Author Affiliations: 1Instituto Regional de Investigación Científica Aplicada (IRICA) and Departamento de Física Aplicada, Universidad de Castilla-La Mancha, 13071 Ciudad Real, Spain; 2Institute of Bioengineering and Nanotechnology, 31 Biopolis Way, The Nanos, Singapore 138669, Singapore; 3Institut Lumière Matière, UMR5306 University Lyon 1-CNRS, 69622 Villeurbanne, France; 4Department of Engineering Sciences, Uppsala University, Box 534, SE-751 21 Uppsala, Sweden
Published: Appl. Phys. Lett. 102, 183104 (2013) and J. Phys. Chem. C 117, 10213 (2013)

"Dipolar interactions studied in nanogranular films assembled by inert gas condensation."

A series of nanogranular samples has been prepared using an unfiltered beam of Co nanoparticles preformed by inert gas condensation. The preparation technique is shown to be a simple and effective method for fabricating, in a single deposition step, a sample series across which both particle size and concentration vary. The technique has been employed to confirm the Dormann-Bessais-Fiorani model, which predicts an enhancement of the effective particle anisotropy barrier in the weak-interaction regime, across a wide range of weak-moderate dipolar interaction strengths (7 - 19%, normalized to the median anisotropy energy barrier). Our study also provides information on (i) the oxidation of nanoparticles in granular systems and (ii) the size-dependent divergence of nanoparticles ejected from a cluster source.

Title: Energy barrier enhancement by weak magnetic interactions in Co/Nb granular films assembled by inert gas condensation
Authors: J. A. De Toro1, J. A. González1, P. S. Normile1, P. Muñiz1, J. P. Andrés1, R. López Antón1, J. Canales-Vázquez2 and J. M. Riveiro1
Author Affiliations: 1Instituto Regional de Investigación Científica Aplicada (IRICA) and Departamento de Física Aplicada, Universidad de Castilla-La Mancha, 13071 Ciudad Real, Spain; 2Instituto de Energías Renovables, Universidad de Castilla-La Mancha, 02006 Albacete, Spain
Published: Phys. Rev. B 85, 054429 (2012)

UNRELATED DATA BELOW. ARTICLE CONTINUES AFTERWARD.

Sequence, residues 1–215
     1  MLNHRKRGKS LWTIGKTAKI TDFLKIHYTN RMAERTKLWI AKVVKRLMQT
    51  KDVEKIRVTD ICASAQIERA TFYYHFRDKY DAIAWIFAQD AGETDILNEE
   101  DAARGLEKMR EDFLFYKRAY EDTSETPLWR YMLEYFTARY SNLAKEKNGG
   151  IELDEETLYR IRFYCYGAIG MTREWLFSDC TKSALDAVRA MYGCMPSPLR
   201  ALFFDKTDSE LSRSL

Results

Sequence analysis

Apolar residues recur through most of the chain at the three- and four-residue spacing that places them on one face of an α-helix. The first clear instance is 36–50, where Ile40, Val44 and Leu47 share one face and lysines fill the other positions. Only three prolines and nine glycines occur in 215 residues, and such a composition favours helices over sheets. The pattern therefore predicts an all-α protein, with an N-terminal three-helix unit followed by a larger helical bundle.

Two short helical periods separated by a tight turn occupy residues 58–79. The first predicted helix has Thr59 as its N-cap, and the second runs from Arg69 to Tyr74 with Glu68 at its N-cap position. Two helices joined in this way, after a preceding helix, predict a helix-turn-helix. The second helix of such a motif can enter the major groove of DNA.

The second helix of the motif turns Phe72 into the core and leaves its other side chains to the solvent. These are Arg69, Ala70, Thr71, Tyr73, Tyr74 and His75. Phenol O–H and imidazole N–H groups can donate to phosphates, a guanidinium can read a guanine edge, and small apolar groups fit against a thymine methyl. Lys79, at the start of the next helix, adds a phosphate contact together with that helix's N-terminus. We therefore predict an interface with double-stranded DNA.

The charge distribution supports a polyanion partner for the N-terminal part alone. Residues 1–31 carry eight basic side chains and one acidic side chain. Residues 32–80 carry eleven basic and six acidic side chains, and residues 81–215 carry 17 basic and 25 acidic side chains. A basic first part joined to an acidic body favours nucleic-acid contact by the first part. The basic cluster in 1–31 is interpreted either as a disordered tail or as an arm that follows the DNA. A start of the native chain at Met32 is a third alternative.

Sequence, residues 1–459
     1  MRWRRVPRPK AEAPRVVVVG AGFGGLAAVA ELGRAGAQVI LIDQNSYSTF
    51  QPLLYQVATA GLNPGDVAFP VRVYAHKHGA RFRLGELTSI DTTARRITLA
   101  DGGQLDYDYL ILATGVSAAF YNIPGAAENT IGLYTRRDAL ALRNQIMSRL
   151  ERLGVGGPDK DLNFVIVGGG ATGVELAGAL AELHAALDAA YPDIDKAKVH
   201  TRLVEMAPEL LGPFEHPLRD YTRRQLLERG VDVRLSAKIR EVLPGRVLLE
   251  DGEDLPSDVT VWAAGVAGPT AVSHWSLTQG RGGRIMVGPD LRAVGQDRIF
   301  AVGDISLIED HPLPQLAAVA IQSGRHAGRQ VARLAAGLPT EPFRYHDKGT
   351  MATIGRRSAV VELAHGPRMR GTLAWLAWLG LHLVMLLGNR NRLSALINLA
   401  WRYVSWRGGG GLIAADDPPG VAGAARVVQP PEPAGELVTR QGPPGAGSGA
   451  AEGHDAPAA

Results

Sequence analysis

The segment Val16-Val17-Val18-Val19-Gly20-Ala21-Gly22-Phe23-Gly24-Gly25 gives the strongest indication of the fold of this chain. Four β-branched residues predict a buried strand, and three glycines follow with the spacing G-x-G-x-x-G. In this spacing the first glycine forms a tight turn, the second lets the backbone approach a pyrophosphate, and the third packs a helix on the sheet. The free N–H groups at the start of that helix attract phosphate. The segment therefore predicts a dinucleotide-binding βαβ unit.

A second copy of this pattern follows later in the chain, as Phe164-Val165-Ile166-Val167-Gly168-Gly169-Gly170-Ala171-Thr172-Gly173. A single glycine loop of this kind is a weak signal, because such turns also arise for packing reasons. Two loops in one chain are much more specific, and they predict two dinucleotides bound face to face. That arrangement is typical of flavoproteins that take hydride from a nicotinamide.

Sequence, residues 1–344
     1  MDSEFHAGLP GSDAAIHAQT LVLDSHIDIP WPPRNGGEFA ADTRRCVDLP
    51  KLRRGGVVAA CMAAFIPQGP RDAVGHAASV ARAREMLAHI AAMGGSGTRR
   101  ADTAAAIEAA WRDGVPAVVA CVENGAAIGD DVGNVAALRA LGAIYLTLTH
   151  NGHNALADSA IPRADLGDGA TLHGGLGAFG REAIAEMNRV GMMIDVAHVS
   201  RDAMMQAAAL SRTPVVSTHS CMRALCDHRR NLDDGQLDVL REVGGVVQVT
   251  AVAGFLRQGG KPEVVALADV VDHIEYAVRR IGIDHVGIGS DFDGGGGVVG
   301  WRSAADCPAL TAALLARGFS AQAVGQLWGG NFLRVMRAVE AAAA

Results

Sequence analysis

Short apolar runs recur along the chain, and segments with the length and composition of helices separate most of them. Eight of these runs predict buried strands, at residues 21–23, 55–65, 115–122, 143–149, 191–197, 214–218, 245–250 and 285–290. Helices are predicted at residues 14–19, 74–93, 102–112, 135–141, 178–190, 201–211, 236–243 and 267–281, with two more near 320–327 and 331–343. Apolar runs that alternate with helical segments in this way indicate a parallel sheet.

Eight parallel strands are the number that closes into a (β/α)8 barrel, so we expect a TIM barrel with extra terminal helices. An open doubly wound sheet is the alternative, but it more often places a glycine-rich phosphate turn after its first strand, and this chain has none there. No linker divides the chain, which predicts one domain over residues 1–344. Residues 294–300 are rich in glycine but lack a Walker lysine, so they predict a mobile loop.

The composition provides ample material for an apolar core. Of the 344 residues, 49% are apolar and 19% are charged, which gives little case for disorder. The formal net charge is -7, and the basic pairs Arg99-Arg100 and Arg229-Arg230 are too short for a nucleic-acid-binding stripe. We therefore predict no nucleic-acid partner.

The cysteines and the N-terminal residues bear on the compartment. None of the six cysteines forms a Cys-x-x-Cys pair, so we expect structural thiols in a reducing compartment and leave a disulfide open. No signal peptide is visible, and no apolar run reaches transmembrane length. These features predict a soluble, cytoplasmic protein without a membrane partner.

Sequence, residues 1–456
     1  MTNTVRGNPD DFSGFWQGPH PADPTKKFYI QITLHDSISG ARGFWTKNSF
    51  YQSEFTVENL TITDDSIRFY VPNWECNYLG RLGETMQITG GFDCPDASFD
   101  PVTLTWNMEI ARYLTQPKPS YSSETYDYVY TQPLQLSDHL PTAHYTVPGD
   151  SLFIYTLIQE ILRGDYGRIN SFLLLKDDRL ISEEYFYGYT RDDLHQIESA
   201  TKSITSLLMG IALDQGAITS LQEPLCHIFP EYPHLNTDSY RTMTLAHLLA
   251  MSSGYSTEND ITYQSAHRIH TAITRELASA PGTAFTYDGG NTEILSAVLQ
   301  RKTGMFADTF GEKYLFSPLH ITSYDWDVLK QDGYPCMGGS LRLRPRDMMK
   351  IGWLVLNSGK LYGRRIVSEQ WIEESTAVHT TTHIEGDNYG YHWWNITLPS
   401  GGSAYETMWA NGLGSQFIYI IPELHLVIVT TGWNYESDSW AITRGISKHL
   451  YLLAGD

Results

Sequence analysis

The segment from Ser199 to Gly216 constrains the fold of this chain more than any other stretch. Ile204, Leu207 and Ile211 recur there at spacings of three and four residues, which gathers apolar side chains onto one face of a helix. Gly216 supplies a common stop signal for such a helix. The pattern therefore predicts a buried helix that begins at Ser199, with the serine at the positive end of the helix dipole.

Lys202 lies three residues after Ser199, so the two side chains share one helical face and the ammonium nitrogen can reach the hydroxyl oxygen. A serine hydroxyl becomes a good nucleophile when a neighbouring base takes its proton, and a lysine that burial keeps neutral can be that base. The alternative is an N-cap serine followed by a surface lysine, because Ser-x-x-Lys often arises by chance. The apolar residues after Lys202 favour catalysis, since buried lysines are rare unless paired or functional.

Distribution of He atoms around a trivacancy:
a) one He atom in the centre of the triangle
formed by the three vacancies,
b), two He atoms in the space encircled by the
three vacancies,
c) three He atoms occupying each of the
vacancies, and
d) four He atoms, three occupying the
vacancies and the last one in the centre
of the triangle.

"Initial stages of helium bubble clustering in copper from first principles."

Very accurate ab-initio calculations have been performed to analyse the energetics of the formation of helium bubbles inside a copper crystal. The effect of placing several He atoms, either inside an n-vacancy previously formed, or as interstitials inside the initial perfect bulk matrix, has been studied. Based on Density Functional Theory (DFT) techniques, the results show that He atoms prefer to aggregate forming small bubbles at n-vacancy sites rather than at interstitial positions in the perfect crystal. For a given number of He atoms inside an n-vacancy, NHe , the minimum formation energy is found when NHe is equal to the number of vacancies n, confirming the deep trapping of He atoms inside vacancies, as is well known for other metals. The secondary consequence, given the unprecedented accuracy of the simulations performed, is that the full set of formation and binding energies obtained in this work will be of the highest relevance as an input for new approaches to kinetic Monte Carlo simulations on defects in Cu.

Title: Initial stages of helium bubble clustering in copper from first principles
Authors: C. González, D. Fernández-Pello, M. A. Cerdeira, S. L. Palacios and R. Iglesias.
Author Affiliations: Departamento de Física, Universidad de Oviedo, 33006 Oviedo, Spain.
Published: Journal of Nuclear Materials, 2013, under review process

© Advanced Materials, Nuclear Technology and Applied Nanotechnology Department. University of Burgos.

Authors: Santiago Cuesta López, Oscar Tapia Júdez, Ekhi Arroyo Fernández de Leceta.

Funding by Ministerio de Economía y Competitividad.

Reference: MAT2011-15800-E.